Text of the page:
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Here Be Monsters

Witches and Wicked Bodies

an exhibition at the Scottish National Gallery of Modern Art, Edinburgh, July 27–November 3, 2013; and the British Museum, London, September 2014–January 2015
Catalog of the exhibition by Deanna Petherbridge. National Galleries of Scotland, 128 pp., £14.95 (paper)
James Ford Bell Library, University of Minnesota, Minneapolis
A sea monster from the ‘Carta Marina,’ the map of Scandinavia and Iceland produced between 1527 and 1539 by Olaus Magnus, the archbishop of Uppsala, after his exile to Danzig

In “The Tale of ’Abd Allah of the Land and ’Abd Allah of the Sea” from the Arabian Nights, a poor fisherman fails day after day to catch anything but at last, in answer to his ever more desperate prayers, he feels something heavy land in his net. Joyfully, he hauls it up, only to find a merman, who begs for mercy—and for fresh fruit and vegetables, which are greatly lacking under the sea, he tells his captor. He promises that if the fisherman will bring him the produce and then release him back into the water, he’ll return with lavish recompense. ’Abd Allah of the Land doesn’t believe him, but lets him go anyway out of the goodness of his heart.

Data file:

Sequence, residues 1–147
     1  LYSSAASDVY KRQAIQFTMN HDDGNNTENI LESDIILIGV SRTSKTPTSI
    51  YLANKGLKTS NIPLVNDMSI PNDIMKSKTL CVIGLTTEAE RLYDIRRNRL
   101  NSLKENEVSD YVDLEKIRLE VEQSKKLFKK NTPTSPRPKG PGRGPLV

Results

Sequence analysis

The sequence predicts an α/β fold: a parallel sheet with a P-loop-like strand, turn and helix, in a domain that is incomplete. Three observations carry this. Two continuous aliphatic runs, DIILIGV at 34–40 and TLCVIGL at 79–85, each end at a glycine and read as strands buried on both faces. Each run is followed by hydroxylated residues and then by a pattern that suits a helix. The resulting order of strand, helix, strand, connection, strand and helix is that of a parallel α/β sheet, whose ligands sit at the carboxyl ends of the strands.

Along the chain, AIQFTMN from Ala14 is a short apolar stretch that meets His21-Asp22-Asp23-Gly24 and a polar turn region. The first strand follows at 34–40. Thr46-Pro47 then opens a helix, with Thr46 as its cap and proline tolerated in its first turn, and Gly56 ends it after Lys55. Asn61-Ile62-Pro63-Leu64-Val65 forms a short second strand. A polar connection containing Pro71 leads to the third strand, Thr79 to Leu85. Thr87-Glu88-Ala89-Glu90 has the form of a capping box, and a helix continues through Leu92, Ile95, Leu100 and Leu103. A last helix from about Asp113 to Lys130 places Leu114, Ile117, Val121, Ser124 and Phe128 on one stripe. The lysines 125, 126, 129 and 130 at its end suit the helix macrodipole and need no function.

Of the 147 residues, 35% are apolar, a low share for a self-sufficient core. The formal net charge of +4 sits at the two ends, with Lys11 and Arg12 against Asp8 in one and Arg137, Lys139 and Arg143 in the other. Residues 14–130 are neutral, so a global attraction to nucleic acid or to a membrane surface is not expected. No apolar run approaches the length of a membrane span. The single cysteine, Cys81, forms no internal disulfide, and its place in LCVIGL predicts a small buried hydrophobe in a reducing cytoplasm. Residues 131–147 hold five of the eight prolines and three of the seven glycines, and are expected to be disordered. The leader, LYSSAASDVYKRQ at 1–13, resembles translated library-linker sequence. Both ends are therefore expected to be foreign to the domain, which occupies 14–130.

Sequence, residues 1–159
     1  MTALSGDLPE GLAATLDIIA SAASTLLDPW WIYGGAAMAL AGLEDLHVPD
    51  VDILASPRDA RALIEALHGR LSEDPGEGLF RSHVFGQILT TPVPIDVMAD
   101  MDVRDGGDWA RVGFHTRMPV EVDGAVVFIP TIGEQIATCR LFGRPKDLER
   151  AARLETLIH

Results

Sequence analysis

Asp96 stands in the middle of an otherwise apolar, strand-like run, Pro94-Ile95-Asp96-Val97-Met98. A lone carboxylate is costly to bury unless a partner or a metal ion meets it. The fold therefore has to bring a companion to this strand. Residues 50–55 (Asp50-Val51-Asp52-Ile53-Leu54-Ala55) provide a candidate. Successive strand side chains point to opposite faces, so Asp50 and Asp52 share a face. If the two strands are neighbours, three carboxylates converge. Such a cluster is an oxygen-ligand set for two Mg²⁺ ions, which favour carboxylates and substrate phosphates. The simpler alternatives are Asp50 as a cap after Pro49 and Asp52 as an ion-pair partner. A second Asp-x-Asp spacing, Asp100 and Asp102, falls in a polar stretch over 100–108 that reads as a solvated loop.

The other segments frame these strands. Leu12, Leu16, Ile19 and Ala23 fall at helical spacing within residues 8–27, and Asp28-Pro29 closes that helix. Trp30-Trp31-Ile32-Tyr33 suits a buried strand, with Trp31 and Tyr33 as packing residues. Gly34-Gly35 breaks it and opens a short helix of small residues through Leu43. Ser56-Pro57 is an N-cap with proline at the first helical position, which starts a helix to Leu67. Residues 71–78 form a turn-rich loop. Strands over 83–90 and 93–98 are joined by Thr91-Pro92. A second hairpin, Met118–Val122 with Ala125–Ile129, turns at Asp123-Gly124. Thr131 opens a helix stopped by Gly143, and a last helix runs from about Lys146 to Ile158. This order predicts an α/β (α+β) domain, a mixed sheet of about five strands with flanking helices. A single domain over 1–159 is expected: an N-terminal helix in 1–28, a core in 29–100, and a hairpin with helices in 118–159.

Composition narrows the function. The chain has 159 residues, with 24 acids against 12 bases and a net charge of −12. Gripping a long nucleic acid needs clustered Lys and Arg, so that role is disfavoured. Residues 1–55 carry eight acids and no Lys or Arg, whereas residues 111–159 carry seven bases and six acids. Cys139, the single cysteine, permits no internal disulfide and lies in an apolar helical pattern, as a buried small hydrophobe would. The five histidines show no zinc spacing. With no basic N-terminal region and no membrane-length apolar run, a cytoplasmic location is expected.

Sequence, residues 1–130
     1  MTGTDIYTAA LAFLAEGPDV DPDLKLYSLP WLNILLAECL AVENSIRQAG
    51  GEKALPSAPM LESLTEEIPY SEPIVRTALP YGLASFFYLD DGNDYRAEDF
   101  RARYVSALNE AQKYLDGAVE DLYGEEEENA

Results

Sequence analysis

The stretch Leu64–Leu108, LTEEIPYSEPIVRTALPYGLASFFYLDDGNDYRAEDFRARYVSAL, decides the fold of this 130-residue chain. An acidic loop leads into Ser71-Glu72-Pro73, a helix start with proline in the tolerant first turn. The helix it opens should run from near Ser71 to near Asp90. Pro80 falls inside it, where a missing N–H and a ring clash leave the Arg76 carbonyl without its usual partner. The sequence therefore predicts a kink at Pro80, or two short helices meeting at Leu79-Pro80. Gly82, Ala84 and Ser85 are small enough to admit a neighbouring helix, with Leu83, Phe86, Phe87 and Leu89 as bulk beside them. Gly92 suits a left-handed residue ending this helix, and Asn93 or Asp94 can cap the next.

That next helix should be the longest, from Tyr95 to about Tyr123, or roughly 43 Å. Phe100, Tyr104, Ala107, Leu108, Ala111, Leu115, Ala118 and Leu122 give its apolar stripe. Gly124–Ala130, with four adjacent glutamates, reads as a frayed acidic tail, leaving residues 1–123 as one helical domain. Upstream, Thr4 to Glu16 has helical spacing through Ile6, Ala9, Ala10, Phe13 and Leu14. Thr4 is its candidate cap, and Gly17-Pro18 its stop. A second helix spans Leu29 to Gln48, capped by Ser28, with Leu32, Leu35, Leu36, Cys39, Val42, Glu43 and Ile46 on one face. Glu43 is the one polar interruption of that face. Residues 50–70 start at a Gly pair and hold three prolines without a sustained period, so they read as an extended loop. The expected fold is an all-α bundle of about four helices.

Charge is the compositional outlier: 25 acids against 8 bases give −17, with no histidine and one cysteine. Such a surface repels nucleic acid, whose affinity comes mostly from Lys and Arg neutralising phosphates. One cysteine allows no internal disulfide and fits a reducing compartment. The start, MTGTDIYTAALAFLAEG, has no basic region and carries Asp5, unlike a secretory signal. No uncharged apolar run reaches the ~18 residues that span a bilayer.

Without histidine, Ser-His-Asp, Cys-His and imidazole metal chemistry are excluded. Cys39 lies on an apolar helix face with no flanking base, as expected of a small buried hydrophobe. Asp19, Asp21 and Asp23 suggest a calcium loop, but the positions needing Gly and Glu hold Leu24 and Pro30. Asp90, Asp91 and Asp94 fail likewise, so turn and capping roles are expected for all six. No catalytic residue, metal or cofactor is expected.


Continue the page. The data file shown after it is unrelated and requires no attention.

But this is a fairy tale, and so the merman will keep his word and rise again from the depths with basketfuls of fabulous gems from the sea bed—pearls and coral and chrysolites and other precious minerals—for his deliverer. Fruitful exchanges continue between them, and eventually, ’Abd Allah of the Sea invites his earthly friend down into the underwater world where, he tells him, he lives in one of many fine and diverse marine cities, each with its own society and culture. The fisherman protests that he will choke on seawater and drown. But the merman has a remedy: a powerful grease from a monstrous and terrifying fish called a dandan: “It is larger than any animal you have on land and were it to come across a camel or an elephant, it would swallow them up.”

The dandan’s liver—or in some versions of the tale its blubber—exudes a potent ointment that “looked like cow’s grease, golden yellow in colour, with a clean smell.” The substance is indispensable to mer-people for their own survival under the sea, but they cannot harvest it without human help. The monster is ferocious and deadly and voracious for flesh, mer- and other; however, it has a fatal flaw: it can’t abide the sound of a human voice. As the great fish approaches, intent on devouring him, ’Abd Allah of the Land must cry out. The mighty dandan will then keel over and die, and ’Abd Allah of the Sea will be able to harvest the precious secretion.